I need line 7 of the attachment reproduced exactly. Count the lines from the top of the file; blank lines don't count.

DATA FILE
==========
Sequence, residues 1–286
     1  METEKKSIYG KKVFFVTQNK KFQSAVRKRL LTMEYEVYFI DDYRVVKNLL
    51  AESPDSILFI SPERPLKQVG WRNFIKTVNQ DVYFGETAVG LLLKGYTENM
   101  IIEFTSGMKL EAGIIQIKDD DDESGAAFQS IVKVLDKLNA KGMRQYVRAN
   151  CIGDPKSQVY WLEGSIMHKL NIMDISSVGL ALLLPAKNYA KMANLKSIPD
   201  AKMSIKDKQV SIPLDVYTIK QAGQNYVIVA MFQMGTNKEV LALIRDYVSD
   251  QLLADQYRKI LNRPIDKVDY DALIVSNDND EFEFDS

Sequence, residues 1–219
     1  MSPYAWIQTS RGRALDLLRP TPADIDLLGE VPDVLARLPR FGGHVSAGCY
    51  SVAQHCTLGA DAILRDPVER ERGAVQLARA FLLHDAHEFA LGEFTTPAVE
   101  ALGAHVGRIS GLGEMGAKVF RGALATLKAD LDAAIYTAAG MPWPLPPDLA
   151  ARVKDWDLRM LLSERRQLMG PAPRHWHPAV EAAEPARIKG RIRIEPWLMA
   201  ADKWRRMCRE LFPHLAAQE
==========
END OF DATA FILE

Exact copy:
   251  QLLADQYRKI LNRPIDKVDY DALIVSNDND EFEFDS